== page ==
The Belleville market — straddling the crossroads of Paris’s 10th, 11th, 19th, and 20th arrondissements — presents the determined photographer with a tremendous dilemma: how to take pictures without being literally swept up in the crowds and jostled like a buoy bobbing in heavy seas?
Although the market runs from the Menilmontant metro stop to Belleville (about 2 km.), the easiest way to tackle it seems to be to get to the Belleville stop, the beginning (or end, depending your point of view) of this market, the likes of which I’d never seen before. And I’ve seen quite a few. Unlike some markets, there is only one aisle for shoppers to walk through.
Perched precariously on the median of a quite busy road, the width of the median determined just how much space shoppers could co-opt. In two words, not much. After I climbed up about twenty grimy stairs, cluttered with tattered plastic bags and other trash fluttering lightly in the morning breeze. Almost immediately, I slipped into the stream of people – mostly North Africans, although a few people from West Africa braved the surge with the rest of us.
And then it happened: I realized I would never be able to lift up my camera to get any pictures because like Cuban cigars packed into a small wooden box, shoppers completely filled the passageway between the vendors. My arms remained pinned to my sides. Cradling the camera, fearing the accidental smack of a sack filled with potatoes or the odd melon, I stumbled by mounds of fruit: apples, grapes, nectarines, all the usual fruits found in France. A few vendors, and only a few, sold the spices I expected of a market catering to North Africans. A fish monger here, a charcuterie there selling beef- and lamb-based meats, a poultry man, the market consisted mostly of produce.
As I spotted the egg man, the center aisle of the market widened for some reason. I popped out of the crowd like a cork out of a champagne bottle. I grabbed my little recyclable 6-egg carton and held it out to the vendor as I muttered “Bonjour, monsieur.” You have to remember that he sold more types of eggs than we’ll ever see in a supermarket, so the next obvious step was to choose which eggs would go into my cloth bag and suffer through the crush of bodies still behind me.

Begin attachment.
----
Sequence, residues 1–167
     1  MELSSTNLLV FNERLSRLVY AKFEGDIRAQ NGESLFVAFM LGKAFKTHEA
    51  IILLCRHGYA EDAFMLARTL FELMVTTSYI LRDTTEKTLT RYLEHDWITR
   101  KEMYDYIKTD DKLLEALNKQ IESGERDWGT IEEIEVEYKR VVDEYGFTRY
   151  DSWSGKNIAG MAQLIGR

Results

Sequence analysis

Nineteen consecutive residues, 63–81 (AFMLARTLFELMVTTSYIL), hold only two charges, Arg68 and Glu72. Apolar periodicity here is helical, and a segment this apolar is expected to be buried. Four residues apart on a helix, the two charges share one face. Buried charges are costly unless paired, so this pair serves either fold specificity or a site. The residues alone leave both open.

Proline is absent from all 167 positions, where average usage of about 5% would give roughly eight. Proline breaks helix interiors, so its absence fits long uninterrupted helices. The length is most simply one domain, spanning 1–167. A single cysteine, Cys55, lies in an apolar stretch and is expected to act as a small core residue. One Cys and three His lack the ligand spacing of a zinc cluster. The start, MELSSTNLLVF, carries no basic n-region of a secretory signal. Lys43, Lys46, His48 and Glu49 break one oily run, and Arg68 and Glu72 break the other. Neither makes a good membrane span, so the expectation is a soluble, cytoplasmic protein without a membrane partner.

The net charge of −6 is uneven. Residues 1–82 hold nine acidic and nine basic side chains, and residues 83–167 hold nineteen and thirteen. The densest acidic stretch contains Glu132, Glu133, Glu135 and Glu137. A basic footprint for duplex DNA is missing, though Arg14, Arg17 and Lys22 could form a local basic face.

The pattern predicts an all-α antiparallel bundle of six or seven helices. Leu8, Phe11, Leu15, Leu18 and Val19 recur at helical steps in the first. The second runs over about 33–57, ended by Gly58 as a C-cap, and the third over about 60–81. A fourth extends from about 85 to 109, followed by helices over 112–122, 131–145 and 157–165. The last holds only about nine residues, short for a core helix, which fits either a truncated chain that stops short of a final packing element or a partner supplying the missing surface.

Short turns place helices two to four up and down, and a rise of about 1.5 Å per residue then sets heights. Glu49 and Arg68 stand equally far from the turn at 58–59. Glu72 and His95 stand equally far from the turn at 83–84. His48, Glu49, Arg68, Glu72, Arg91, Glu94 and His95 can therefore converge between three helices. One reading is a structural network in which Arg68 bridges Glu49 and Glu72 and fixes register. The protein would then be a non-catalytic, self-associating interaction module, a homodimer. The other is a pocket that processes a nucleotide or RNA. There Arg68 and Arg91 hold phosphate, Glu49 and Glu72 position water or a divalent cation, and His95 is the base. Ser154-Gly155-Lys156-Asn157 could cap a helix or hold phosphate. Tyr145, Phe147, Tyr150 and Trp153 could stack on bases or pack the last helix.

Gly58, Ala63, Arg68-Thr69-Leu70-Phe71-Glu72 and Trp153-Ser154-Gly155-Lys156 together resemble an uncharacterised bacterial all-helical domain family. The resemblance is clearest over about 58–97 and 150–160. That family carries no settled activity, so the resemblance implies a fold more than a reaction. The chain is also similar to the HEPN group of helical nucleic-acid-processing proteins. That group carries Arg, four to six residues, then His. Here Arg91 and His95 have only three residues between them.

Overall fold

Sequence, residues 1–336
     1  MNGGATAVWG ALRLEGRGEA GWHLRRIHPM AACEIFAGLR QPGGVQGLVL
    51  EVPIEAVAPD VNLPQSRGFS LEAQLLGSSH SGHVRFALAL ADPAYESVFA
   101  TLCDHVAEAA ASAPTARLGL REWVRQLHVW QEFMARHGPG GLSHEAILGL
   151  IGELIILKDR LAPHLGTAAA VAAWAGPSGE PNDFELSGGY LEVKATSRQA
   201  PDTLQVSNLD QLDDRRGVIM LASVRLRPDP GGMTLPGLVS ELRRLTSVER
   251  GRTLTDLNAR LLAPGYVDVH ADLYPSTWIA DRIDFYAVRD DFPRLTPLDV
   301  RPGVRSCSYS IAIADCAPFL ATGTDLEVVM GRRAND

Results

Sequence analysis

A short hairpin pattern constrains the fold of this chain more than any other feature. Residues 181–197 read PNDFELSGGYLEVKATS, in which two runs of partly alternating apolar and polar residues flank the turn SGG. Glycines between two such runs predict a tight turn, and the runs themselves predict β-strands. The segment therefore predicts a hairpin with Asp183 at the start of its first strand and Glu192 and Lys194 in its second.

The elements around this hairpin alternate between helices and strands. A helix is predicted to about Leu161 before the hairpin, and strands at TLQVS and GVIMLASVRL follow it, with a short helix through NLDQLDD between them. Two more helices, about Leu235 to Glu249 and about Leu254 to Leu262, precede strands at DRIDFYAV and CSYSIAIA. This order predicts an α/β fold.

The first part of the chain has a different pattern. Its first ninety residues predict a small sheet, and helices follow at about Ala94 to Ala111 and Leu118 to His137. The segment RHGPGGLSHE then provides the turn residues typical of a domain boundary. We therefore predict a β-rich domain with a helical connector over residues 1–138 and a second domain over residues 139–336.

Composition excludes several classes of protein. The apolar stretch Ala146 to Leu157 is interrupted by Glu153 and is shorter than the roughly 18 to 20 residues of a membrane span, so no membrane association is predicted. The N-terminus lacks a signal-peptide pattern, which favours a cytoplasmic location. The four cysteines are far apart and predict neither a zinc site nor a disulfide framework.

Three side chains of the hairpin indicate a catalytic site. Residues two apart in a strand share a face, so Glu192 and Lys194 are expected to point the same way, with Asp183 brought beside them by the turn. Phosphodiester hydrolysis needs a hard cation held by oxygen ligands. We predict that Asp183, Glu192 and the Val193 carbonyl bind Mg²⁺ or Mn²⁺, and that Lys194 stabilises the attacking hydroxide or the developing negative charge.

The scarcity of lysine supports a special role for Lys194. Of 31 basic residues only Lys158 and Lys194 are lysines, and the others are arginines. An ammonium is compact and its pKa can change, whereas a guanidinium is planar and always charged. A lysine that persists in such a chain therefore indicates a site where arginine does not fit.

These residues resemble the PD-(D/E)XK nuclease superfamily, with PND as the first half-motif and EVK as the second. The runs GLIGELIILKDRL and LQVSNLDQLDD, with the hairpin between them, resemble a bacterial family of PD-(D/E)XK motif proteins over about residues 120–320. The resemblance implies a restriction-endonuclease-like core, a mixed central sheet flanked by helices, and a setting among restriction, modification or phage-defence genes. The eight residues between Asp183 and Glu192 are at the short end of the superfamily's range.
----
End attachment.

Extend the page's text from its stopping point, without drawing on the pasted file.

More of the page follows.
Brown eggs, I like those, though I know the color makes no difference, so I decided that six large ones would do nicely. Into the carton they went. I flipped out my euros and paid. He said a few words in English to me. And I asked him how he knew I spoke English (like it wasn’t obvious … ). He pointed to my camera and sunglasses. (Nobody seems to wear sunglasses in Paris and only tourists carry cameras, which get looks verging on the evil eye sometimes.) I ended up giving him my business card and he passed it to the vendors next to him. “No pictures of me,” he said sternly, “but you can take pictures of the eggs and his onions.”
And so I finally found an opportunity to take a few pictures. Eggs and onions, mostly.
Fast flicks of the shutter, smiles all around, and off I went into the madding crowd. When I saw an opening out to the street between two trucks, I took the easy way out.
The shops lining the market street offered more picture-taking opportunities. The breads displayed in the windows especially caught my attention.
As I walked around the trucks to get back to the metro stop, an injured woman sat lolling like a Raggedy Ann doll in the road, her market bag torn and produce of every kind lay squashed on the asphalt, women milling around her, onlookers staring. Someone brought a caned bottomed cafe chair for her to lean against as she held her jaw in one hand. Given the location of the market, it wasn’t surprising that accidents happen. Helplessly, I stood for a moment, knowing I couldn’t help her, but hoping she would be alright, I started down the stairs to the train and into another world.